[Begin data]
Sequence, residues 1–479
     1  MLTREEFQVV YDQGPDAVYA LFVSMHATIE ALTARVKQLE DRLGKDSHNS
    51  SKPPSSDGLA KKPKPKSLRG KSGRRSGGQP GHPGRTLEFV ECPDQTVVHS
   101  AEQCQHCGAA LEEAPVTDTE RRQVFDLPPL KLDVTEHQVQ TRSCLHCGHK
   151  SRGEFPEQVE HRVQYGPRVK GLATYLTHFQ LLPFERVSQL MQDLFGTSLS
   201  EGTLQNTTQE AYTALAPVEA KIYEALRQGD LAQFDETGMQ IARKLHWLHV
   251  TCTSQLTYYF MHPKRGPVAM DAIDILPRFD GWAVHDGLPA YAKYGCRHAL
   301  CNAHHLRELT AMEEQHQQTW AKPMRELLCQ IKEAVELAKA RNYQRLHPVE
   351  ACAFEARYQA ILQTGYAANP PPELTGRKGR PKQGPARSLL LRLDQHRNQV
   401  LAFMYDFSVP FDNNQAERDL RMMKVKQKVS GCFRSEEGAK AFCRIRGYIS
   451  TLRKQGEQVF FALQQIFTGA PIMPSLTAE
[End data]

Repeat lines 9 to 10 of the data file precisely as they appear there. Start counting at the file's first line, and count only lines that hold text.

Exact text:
   351  ACAFEARYQA ILQTGYAANP PPELTGRKGR PKQGPARSLL LRLDQHRNQV
   401  LAFMYDFSVP FDNNQAERDL RMMKVKQKVS GCFRSEEGAK AFCRIRGYIS